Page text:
15 Books From Indian Authors To Read

In a country which produces thousands of books every year and a sea of highly popular international authors, it becomes quite a task to pick by local authors. I am often asked by readers for suggestions about Indian authors to read. So, I thought about putting a list.

  1. A Suitable Boy by Vikram Seth

Why you should read it? ‘Not merely one of the longest novels in English; it may also prove to be the most fecund as well as the most prodigious work of the latter half of [the twentieth] century.’ – The Times


2. English, August: An Indian Story by Upamanyu Chatterjee

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Why you should read it? ”elegant and gently mischievous satire…this novel marks the debut of an extraordinarily promising talent.” —- The London Observer


3.  The God of Small Things by Arundhati Roy

Why you should read it? The God Of Small Things is a very very clever book, but what makes it exceptional is that it is both beautiful and crafty, a rare combination. This book has structure. Lots of it. She effectively creates a language of her own, a juvenile lucid language which complements the wistful mood of the book beautifully. The plot moves around in space and time with masterful ease and one can’t help but experience a vague sense of foreboding, a prickly fear in the back of your neck. – Rajat Ubhaykar

4. The Inheritance of Loss by Kiran Desai

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Why you should read it? I am rating this right up there with my favorite novels of all time. This book spoke to me on so many different levels and articulated so many of the emotions that I have felt, the experiences that I’ve had, like no other book has ever done before. The book primarily deals with the frailty of human relationships, estrangement from family, country and countrymen, the detachment of the immigrant experience. It also about how you can live in a place for decades and yet be a stranger to it and it to you. The writing is gorgeous and fabulous and playful, all at the same time. Readers looking for a plot-driven narrative will be sorely disappointed. This is the kind of book that needs to be savoured slowly so that none of the fine flavours escape your palate, like your favorite dessert. – The Raid on Amazon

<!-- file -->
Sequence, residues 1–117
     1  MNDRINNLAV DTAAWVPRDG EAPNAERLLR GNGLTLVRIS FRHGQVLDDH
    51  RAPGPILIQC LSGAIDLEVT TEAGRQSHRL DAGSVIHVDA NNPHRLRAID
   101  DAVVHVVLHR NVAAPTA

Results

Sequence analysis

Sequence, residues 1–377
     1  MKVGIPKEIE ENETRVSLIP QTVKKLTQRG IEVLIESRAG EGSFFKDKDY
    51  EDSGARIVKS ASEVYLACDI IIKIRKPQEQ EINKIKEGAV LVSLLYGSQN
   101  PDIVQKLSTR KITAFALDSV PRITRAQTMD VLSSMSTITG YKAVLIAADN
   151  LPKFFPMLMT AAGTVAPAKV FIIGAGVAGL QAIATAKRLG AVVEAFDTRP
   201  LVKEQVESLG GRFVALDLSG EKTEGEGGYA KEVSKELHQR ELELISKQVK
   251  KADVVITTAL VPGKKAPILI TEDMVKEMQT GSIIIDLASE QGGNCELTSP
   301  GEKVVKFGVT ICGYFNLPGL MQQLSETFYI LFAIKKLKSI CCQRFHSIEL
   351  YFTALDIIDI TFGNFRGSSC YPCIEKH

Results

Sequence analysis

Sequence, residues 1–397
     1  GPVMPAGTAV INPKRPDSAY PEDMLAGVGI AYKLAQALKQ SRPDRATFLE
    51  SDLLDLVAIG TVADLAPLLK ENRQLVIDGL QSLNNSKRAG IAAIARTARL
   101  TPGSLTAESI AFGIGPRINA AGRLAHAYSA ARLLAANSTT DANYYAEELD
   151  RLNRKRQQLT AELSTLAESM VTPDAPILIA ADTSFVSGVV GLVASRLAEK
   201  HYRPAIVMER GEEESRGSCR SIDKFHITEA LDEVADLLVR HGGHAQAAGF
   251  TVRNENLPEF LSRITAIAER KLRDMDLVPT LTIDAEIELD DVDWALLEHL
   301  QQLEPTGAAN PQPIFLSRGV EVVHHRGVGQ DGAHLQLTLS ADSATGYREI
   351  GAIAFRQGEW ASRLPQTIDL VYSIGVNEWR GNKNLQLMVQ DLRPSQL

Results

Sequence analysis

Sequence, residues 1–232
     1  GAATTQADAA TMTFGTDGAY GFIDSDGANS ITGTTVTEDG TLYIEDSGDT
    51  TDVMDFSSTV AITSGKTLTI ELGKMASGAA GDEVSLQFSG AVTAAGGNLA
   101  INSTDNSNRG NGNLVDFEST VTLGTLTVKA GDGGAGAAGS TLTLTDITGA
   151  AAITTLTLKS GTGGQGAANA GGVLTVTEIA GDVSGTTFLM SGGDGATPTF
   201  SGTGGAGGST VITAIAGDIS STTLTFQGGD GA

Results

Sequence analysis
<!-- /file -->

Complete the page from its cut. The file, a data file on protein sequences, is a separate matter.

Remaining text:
5. The White tiger by Aravind Adiga

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“A masterpiece”  – The Times

Why you should read it? The white tiger of this novel is Balram Halwai, a poor Indian villager whose great ambition leads him to the zenith of Indian business culture, the world of the Bangalore entrepreneur. On the occasion of the president of China’s impending trip to Bangalore, Balram writes a letter to him describing his transformation and his experience as driver and servant to a wealthy Indian family, which he thinks exemplifies the contradictions and complications of Indian society.


6. The Blue Umbrella by Ruskin Bond

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Why you should read it? A lovely little story with very believable, very identifiable characters. And the end – the very best possible. – Indrani Sen


7. The Palace Of Illusions by Chitra Banerjee Divakaruni